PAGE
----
That begs the question: “How do we get faith?” Answer? The Word of God–God’s truth. It’s only in our entering the realm of God’s truth that we gain the only tool necessary to experience it.

So our argument now has a satisfactory conclusion. Two truths cannot occupy the same space. Our experience in life is not the only truth; it’s a truth. We have the option of experiencing another. We do that by abiding in His Word. We do that by seeking His Truth. And in our abiding, in our seeking, we will find Truth. Jeremiah 29:13.

Sarcasm Degrades Credibility


Sarcasm degrades one’s credibility. It’s a reactionary verbal tool, not a rationally formed response. Emotional reaction will always be less powerful than rational thought.

Glen Beck needs to respond with clearly formed rational thought to the mistakes of the Obama administration in order to be taken seriously by his critics or risk the worst fate of a political opinion personality — being ignored.

The Guy’s Job


Being single and male has its perks. We get to focus on our jobs and nobody questions it. We get to live the “bachelor” lifestyle and people expect nothing different. We also get to prepare our lives to one day include a woman in them. For many, this may not seem like a big deal, but it’s more difficult than one might image. I’ve come up with a few things that are also the guy’s job in preparing for a life that may one day include marriage.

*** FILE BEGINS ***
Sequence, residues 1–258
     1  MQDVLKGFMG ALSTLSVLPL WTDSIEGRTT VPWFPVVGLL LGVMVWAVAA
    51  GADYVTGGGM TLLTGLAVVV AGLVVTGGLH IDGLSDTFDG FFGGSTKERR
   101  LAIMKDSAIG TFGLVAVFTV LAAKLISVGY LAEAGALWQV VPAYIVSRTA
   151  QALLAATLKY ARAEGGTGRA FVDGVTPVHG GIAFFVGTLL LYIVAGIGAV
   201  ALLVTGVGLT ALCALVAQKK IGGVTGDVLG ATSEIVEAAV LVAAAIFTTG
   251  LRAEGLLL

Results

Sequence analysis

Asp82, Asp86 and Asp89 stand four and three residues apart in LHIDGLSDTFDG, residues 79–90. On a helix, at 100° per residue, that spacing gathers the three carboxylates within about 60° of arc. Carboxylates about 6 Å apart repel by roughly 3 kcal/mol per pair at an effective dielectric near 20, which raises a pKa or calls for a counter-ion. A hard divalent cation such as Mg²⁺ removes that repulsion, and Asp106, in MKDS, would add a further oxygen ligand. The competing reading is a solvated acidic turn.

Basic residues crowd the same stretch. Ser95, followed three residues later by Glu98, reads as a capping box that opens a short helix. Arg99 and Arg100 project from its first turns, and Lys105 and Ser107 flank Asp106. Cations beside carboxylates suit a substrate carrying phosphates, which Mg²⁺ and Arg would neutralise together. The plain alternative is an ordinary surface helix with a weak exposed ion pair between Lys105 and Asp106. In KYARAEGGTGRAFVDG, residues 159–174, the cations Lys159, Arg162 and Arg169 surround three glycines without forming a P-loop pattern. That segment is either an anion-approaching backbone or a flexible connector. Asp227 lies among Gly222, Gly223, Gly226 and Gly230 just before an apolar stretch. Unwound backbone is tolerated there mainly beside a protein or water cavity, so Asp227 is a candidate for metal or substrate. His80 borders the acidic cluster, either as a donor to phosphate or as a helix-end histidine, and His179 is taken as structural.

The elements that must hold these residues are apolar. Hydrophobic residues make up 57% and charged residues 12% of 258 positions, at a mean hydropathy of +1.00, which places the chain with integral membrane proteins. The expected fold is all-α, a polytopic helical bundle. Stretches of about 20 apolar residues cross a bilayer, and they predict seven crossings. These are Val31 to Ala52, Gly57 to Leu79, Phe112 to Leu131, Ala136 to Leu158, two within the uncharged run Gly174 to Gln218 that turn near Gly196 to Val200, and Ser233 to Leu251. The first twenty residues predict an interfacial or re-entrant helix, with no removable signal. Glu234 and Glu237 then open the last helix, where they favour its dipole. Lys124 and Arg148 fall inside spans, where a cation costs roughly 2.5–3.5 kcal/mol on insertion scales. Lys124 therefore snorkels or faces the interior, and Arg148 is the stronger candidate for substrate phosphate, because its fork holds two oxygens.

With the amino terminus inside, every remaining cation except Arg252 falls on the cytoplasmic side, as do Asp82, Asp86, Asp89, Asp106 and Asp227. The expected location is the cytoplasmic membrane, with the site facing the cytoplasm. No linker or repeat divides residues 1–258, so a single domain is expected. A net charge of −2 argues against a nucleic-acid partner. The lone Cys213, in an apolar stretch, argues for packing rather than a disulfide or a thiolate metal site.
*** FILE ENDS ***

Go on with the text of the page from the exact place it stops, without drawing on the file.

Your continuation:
It’s the guy’s job to seek out a woman, not who is perfect, but who has been prepared and is being prepared for this moment in time. It’s the guy’s job to discern and hear from God who He says is ready for relationship. It’s the guy’s job to see beyond beauty, beyond intelligence, beyond family, beyond wealth and look at the heart of the woman. This often takes time and patience. She is not one to be handled roughly, but with care and kindness. Her heart must be protected at all cost, her joy sought out, her ways known, her love gained. Why?

Because that’s how Jesus sees his bride, the Church. He woos her ever so gently. He looks beyond all the blemishes and sees past the hurt in her eyes. He knows she doesn’t trust easily because she has been hurt by life. Yet, he pursues. He seeks to know her, but realizes that only she can decide how much she lets Him into her life. She continues to grapple internally with her identity, but He calls her beautiful. He protects her heart by allowing her to come to Him when she is ready, always standing with open arms. He seeks out her joy by whispering kind words in her ear. He learns her ways as He watches as she move to and fro, steady and fleeting, but with a compassionate heart. He gains her love by always being there, by building trust, by finding small ways to make her smile. He loves her so.